Wicket-keeper Brad Haddin has announced his retirement from international and state cricket.
Haddin, who will continue to play Twenty20 cricket for the Sydney Sixers in the Big Bash League, leaves the longest form of the game having played 66 Tests for his country.
The 37-year-old averaged 32.98 with the bat in Test cricket and took 270 dismissals.
He also played 126 one-day internationals for Australia and 34 Twenty20 internationals.
“I’ve only ever wanted to play at the SCG. It’s great to be here today to make my announcement,” Haddin told reporters.
“I came to the realisation after Lord’s. I’ve had a privileged run, but I lost the hunger on the Ashes Tour. It was an easy decision to retire.”
“It was all about making myself the best cricketer I could be every time I walked out on the training paddock – I probably lost that hunger from there (Lord’s).”
Asked about highlights of his career, Haddin said: “I think obviously, Ashes campaigns. Whether you win or lose I think, they’re pretty special moments in someone’s career.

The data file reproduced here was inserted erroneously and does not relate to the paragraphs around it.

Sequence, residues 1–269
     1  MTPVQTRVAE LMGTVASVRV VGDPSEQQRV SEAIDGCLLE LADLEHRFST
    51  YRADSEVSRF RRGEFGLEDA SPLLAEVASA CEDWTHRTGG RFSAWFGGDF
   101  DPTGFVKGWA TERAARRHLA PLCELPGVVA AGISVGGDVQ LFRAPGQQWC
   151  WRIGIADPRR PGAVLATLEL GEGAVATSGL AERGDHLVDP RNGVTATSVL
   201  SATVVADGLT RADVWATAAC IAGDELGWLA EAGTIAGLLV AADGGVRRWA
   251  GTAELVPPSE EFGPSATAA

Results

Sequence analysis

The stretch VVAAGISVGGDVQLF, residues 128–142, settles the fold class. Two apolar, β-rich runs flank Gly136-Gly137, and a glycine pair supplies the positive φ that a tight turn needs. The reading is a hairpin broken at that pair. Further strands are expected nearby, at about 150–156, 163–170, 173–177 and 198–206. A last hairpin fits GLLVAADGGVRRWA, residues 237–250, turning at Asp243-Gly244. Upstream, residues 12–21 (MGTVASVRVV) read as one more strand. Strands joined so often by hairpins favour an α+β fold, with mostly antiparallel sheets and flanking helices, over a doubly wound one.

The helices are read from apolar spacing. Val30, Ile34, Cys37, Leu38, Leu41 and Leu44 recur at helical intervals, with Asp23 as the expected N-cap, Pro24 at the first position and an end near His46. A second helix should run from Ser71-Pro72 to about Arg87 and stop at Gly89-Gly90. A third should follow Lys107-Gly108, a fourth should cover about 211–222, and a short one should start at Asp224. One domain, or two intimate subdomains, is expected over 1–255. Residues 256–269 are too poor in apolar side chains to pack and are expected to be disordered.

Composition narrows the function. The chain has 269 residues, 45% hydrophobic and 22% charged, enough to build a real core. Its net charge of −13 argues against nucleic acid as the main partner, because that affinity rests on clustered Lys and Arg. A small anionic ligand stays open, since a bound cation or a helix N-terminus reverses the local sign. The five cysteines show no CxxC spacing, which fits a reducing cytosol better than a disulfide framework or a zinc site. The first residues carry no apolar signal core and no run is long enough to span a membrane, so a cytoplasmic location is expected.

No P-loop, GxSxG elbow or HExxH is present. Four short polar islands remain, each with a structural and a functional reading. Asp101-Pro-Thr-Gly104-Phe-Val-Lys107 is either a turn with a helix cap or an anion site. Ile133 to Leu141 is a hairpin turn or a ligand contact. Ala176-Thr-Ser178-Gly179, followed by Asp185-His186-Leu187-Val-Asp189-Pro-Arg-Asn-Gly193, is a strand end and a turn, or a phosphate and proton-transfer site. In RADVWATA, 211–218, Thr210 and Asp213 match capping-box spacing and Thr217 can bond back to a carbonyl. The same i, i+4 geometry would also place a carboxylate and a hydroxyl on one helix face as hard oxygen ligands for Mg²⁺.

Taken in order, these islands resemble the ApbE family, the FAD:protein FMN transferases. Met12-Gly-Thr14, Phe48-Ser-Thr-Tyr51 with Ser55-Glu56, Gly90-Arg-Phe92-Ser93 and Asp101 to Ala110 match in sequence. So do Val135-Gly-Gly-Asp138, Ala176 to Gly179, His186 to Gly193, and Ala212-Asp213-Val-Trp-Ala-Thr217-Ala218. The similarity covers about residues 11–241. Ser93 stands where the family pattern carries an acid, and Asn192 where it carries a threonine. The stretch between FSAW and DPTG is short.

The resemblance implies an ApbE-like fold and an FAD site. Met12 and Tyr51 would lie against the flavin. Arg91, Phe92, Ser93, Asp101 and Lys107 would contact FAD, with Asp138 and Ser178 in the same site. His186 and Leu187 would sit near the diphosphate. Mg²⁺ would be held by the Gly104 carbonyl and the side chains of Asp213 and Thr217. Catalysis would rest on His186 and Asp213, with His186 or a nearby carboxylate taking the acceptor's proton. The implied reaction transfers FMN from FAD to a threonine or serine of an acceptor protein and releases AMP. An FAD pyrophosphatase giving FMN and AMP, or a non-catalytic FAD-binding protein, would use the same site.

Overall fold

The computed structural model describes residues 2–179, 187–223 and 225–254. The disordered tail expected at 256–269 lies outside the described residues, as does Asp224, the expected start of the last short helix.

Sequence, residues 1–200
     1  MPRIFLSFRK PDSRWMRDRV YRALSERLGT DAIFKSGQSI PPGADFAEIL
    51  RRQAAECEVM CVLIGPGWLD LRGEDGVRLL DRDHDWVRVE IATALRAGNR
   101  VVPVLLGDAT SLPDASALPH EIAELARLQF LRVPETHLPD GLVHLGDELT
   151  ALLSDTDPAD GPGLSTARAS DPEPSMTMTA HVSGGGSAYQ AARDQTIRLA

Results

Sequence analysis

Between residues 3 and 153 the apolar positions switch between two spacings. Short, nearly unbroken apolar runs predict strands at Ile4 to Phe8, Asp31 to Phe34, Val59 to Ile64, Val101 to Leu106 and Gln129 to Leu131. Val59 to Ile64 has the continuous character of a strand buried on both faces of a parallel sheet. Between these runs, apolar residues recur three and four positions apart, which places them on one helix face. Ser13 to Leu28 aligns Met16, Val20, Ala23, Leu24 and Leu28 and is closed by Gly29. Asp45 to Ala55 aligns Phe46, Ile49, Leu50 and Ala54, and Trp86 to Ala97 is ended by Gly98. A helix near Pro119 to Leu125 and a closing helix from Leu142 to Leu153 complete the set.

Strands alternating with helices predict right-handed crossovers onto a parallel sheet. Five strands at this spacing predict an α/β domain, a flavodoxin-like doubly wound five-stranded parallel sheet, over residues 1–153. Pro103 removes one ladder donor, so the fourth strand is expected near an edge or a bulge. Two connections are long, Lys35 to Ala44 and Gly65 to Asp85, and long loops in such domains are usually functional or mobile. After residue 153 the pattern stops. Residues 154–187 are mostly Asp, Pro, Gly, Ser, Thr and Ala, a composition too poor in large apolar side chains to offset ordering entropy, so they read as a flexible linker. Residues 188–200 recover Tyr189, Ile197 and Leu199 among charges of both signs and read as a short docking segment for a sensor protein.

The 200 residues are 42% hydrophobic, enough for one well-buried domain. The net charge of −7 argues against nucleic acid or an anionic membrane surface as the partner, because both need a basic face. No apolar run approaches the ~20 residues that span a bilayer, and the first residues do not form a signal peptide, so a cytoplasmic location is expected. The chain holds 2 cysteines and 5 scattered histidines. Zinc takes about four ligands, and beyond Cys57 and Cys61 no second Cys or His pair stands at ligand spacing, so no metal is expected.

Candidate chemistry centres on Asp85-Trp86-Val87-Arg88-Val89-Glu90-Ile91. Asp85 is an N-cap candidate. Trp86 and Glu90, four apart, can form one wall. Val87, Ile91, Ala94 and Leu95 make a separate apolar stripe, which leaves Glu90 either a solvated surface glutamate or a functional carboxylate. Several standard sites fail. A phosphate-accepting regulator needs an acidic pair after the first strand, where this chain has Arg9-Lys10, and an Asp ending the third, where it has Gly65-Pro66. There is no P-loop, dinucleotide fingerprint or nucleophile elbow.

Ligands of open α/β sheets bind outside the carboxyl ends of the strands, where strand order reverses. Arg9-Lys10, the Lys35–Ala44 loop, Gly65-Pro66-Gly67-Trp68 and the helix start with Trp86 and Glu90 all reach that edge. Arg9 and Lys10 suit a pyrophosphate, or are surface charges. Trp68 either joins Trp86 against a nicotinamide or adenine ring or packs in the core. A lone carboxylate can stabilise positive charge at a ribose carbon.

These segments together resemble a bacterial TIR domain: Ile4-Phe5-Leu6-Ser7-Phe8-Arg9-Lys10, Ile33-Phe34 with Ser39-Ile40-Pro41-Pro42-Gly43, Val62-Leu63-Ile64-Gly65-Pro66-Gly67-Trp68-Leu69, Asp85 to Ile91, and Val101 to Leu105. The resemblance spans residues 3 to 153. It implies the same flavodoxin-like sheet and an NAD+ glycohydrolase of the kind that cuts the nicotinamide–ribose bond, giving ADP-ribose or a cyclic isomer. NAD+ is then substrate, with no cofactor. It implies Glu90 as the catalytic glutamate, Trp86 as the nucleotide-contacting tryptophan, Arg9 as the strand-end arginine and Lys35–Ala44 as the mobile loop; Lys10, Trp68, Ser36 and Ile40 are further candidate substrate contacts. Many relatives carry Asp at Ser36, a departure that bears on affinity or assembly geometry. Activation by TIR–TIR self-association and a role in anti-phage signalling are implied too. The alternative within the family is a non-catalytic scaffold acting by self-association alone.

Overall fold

‘We can cover retirements’
“I think Australian cricket is in good stead. We’ve got great depth, we’ve got good people around to help them (players) achieve what they need to achieve,” he said.
“It’s an exciting time, I think we can cover all the retirements.
“We’ve got a great leader in Steve Smith, and the best thing about Steve at the moment he’s on top of his game. He’s going to be a great leader for Australia for a long time.”
Haddin said he planned to spend more time with his family post-retirement.
“(My wife) Karina and I would like to get more involved with Westmead Hospital and see if we can do anything to help there,” he said.
“It gives me the opportunity to sit back and watch the kids growing up.
“(My son) Zac says I’m not allowed to retire from, what is it, sixes (Twenty20)? So I’ve got to play that, yeah.”
Cricket Australia CEO James Sutherland hailed Haddin’s contribution in a statement.
“Brad was a vital player during an important period in Australian cricket,” he said.
“He showed true leadership at the most difficult of times and proved a loyal deputy to Michael Clarke when appointed vice-captain from the 2013 Ashes series.
“Brad can be enormously proud of his contribution to Australian cricket on and off the field.”
– with ABC